I want to give credit to a source without stating their full title again, because the full title is a mouthful.

Earlier in the paper, I had quoted them saying: "So-and-so states...[direct quotation]" ²

Now I want to quote them saying just: "[direct quotation]" ²

I'm going to use their exact wording (in the second attribution), but only attribute it with the "²". In other words, it's a direct quote, but I'm not saying that it's a direct quote, I'm only listing the "²". Is this OK from the angle of professional attribution?

  • 2
    Are you talking about an academic paper? A journalistic article? Some other form? Commented Mar 5, 2019 at 14:01
  • Welcome to Writing.SE Micah. I echo Galastel's request. We'd like to know the genre of the paper 1) because the answer changes depending on what it is and 2) so we can tag it properly (tags help users find questions and also help when skimming questions).
    – Cyn
    Commented Mar 5, 2019 at 17:43

4 Answers 4


Assuming it's an academic paper, it's perfectly fine to just add the number to the quote.

The number will redirect the reader to the full source, presumably at the bottom of your page or in your bibliography section. You already "introduced" the author in the previous citation, no need to do it twice.


If it is more journalistic than academic, I would treat it as:

John Jacob Jeremih, Junior Jewel Judge at the Ingrid Irving Institute for Horological Hubris stated, "first direct quote, crystallizing your argument". Further analysis, opinion, more 5-W's, tightly wrap up to the unassailable argument, and give the reader a chance to appreciate how brilliant you are.

But now, a new argument surprising all with novelty and obviousness, brought home by a quote. John further suggests, "another direct quote supporting your inciteful variant on the original point".

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    Agreed. Except the second cite would use the Judge's last name, not first. And probably the title too. So "Judge Jeremih further suggests..." or "Jeremih further suggests..."
    – Cyn
    Commented Mar 5, 2019 at 17:40

In scholarly papers, it is common to put the details of the source of the quote in a footnote. In the body of the text you just give such description as necessary to make the flow of the text make sense. This could be a lot of detail, "Dr Fred Jones of the Fwacbar Institute of Technology wrote a paper in which he explained ..." Or it could be as general as, "One expert wrote ..." If the reader wants to know the details, he can look at the footnote.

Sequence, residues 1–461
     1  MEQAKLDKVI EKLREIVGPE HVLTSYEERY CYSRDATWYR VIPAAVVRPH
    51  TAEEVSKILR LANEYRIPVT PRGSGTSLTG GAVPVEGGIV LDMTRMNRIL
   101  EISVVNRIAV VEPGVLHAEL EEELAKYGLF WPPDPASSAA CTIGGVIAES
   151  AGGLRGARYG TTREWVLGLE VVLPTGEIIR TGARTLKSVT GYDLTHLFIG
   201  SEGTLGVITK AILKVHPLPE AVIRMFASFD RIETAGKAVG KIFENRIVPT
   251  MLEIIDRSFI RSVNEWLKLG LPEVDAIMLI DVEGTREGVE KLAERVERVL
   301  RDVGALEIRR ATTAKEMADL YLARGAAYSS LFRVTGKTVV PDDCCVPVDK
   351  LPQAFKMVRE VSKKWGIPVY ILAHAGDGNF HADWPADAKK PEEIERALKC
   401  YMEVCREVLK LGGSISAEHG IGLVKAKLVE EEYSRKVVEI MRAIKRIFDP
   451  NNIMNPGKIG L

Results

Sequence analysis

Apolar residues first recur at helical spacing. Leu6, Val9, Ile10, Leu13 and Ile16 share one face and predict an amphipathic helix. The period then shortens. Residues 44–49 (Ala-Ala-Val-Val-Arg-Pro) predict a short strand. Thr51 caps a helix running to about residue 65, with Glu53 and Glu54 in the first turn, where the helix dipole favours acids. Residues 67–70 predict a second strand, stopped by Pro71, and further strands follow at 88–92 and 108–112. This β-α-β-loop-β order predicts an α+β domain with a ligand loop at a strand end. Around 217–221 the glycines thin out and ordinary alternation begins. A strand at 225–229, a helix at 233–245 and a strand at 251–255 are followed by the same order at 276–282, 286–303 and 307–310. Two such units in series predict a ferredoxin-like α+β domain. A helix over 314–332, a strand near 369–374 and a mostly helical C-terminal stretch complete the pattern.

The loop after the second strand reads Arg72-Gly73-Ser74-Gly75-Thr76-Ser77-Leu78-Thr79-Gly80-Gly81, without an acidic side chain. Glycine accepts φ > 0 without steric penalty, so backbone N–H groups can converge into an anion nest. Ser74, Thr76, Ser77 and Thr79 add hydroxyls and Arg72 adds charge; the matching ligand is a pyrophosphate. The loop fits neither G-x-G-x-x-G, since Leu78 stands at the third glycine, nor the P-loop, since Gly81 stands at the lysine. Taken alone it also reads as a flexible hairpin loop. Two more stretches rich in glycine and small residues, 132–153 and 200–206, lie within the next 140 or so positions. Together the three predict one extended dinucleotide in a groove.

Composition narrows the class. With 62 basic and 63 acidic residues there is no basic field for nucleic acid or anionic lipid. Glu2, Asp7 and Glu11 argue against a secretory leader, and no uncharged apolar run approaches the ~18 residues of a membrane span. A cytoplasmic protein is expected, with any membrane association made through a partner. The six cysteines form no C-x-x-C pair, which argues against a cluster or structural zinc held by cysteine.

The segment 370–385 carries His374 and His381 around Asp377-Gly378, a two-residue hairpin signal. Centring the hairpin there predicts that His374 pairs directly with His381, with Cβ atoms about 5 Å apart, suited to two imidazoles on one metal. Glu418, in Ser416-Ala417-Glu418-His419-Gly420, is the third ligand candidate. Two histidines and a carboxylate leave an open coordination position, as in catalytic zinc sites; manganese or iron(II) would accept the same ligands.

As cmm indicates, in journalism, where you normally don't use footnotes, it's common to give a fair amount of detail on the first reference to a person, and then after that to just give a very brief indication of his identity. Like "Dr Fred Jones, a nuclear physicist at the Fwacbar Institute of Technology, has said ..." And then if you mention him later just say "Jones also wrote ..."

Minor quibble with cmm: You usually use last names, not first names. No serious article would say, "Al formulated the theory of relativity ..." They'd write, "Einstein formulated ..."


Adding a cautionary answer to go along with the existing ones:

The method used will depend on the style guide you are writing under - There is no one blanket statement for how to address this issue under an unspecified style guide, and attempts to do can readily lead students astray.

Some of them are annoying and seemingly arbitrary, but if a paper is requested to be written in a specific style, then it is important to read, understand, and follow that style guide. Some professors and organizations will let such things slide as unimportant, some will use it as a mark against your work while still accepting it, and the strictest will happily bin your paper at the first failure to conform to specification. - Find out which of these is the case before getting lax with specifications and submitting a paper.

[Even if you're not writing to a set style guide as a requirement, it is usually good practice to pick one and stick with it anyway. Helps establish consistent habits in final editing.]

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